The way Mark tells the story gives the intriguing thought that perhaps only Jesus heard and saw these things. Presumably – because we know about it – that wasn’t the case. But the way it’s recorded suggests what happened was for Jesus’ benefit, not for those around him. Jesus is being addressed here – not ‘this is my son’, but ‘you are my Son’. Not an announcement about who Jesus is – but a moment of pure love between the Father and the Son.

But in an important way we are more than just onlookers, it does concern us too – since we too are baptised or can be in the future. Baptism reminds us that, amazingly, Jesus’ death and resurrection give us the possibility of becoming children of God too.

As the introduction to the baptism or Christening service says, ‘In baptism we are clothed with Christ, dying to sin that we may live his risen life. As children of God, we have a new dignity and God calls us to fulness of life.’

So we can hear those words…’you are my child, my beloved, with you I am well pleased’, as meant for us too.

This is nothing to do with our actions…I was only 4 months old when I was baptised…I hadn’t had chance to do anything much. No, God just loves us totally and unconditionally. Incredibly, there is nothing we can do to make God love us more, and nothing we can do that will make him love us less.

There is nothing we can do to make God love us more, and nothing we can do that will make him love us less…I don’t think we remember this often enough. Just imagine for a moment those words being said, by God, about you. “You are my child, my beloved, with you I am well pleased.”

This doesn’t mean we don’t have to try to be better. I don’t think it means God will never be sad or angry at our actions. But I do think it can make a big difference to how we face the world. Jesus heard these words at the start of his ministry: as he went out into the wilderness to face temptation; as he began the journey of love that would lead to the cross.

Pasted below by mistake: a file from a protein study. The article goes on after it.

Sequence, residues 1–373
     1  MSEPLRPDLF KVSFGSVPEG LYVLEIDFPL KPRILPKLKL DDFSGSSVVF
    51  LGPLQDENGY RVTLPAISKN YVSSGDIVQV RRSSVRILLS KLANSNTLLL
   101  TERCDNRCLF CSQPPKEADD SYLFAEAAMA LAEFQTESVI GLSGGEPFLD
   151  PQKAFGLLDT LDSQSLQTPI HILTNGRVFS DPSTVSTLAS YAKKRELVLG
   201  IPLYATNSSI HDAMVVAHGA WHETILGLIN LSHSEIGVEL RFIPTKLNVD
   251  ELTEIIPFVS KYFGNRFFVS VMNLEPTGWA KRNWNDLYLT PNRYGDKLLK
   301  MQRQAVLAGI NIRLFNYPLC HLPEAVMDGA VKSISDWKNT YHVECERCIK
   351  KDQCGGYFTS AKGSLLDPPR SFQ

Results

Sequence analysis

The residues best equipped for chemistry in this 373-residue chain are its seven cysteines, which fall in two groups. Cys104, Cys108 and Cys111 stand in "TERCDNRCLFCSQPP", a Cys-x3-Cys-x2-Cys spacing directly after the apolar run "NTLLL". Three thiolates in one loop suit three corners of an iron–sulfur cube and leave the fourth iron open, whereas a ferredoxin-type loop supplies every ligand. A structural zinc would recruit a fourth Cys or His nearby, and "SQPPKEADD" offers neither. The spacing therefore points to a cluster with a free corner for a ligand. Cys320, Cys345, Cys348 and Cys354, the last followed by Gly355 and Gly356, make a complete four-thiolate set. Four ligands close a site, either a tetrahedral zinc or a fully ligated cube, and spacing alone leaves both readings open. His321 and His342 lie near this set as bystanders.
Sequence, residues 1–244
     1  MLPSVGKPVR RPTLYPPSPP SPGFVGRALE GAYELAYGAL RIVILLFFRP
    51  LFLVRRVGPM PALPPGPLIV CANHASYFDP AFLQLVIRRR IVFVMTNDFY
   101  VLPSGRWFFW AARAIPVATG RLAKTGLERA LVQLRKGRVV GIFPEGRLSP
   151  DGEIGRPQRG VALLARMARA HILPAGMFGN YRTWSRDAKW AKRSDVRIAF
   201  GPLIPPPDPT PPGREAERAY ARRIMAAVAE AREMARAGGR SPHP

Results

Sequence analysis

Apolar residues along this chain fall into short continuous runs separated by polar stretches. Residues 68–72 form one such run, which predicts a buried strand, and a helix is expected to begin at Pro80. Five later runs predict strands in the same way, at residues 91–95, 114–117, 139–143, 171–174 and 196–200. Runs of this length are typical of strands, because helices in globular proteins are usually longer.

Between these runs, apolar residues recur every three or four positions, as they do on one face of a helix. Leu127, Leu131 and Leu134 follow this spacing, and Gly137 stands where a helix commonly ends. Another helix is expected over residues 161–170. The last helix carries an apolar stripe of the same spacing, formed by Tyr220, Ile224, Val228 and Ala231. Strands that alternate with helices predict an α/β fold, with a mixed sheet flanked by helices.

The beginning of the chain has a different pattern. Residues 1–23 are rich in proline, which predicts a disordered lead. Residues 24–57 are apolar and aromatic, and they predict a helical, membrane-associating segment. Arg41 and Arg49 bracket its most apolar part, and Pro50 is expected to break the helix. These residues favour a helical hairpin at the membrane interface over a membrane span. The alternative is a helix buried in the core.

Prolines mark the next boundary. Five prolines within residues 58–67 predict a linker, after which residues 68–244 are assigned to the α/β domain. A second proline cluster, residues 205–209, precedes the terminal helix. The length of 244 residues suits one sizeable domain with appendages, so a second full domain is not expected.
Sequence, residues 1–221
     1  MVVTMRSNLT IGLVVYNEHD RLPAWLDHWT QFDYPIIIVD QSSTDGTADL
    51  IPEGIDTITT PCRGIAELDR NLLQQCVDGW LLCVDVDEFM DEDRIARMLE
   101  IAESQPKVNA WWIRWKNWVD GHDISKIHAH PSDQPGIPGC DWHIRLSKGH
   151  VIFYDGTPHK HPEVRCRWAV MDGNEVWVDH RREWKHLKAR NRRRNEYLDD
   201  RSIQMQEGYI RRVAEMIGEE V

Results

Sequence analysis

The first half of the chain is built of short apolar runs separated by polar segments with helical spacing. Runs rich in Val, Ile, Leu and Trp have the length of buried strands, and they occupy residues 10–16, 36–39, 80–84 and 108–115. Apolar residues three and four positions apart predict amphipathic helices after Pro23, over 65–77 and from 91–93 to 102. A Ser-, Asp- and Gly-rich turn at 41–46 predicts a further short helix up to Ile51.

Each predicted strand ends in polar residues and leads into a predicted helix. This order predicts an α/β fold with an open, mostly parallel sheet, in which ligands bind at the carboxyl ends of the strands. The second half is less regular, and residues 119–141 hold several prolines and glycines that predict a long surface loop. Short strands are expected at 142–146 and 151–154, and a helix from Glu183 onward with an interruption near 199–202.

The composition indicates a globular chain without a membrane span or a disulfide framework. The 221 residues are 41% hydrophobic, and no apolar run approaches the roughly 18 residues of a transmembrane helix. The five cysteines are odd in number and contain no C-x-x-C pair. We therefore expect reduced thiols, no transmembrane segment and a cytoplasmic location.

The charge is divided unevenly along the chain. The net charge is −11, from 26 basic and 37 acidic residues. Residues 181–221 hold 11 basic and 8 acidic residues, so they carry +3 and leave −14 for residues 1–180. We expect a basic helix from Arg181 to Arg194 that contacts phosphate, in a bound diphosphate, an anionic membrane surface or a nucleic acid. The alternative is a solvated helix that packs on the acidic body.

We too, are once again at a frightening and difficult point in our lives. And unlike last March, it is cold and dark, and we are already weary. We are facing another period of home schooling, of not seeing friends, of feeling isolated, of worrying about friends and family, of being annoyed by restrictions, or by those who don’t stick to them.

We’re facing challenges that will not always bring out the best in us…which sometimes make us feel we are failing…or not considerate enough…or just can’t manage. Which is exactly when we need to hear those words. “You are my child, my beloved, with you I am well pleased.”

When I was training at Mirfield I loved to go into the church and sit on the floor by the font. There was a particularly good bit of underfloor heating there – but also the beautiful font reminded me of my baptism.

Now is not perhaps the time for going and gazing at fonts, and we certainly can’t boast underfloor heating, but there are other symbols of our baptism to hand at home.

You might like to get a small bowl of water – dip your finger in it and trace the sign of the cross on your forehead…remembering that Christ claims you as his own.

You might like to find a candle; some incredibly organised people may even be able to find their baptism candle – but any will do. Light it and sit quietly looking at it…and hear God’s words spoken to you…”You are my child, my beloved, with you I am well pleased.”

May be that will give us the courage and energy to, as the baptism service puts it, ‘shine as a light in the world to the glory of God the Father’, or maybe it will just help us get through the next day or two.

One last thing – important as fatigue and anxiety make us less patient with those around us – remember just as God says to you…”You are my child, my beloved”…he says it to the people around you too.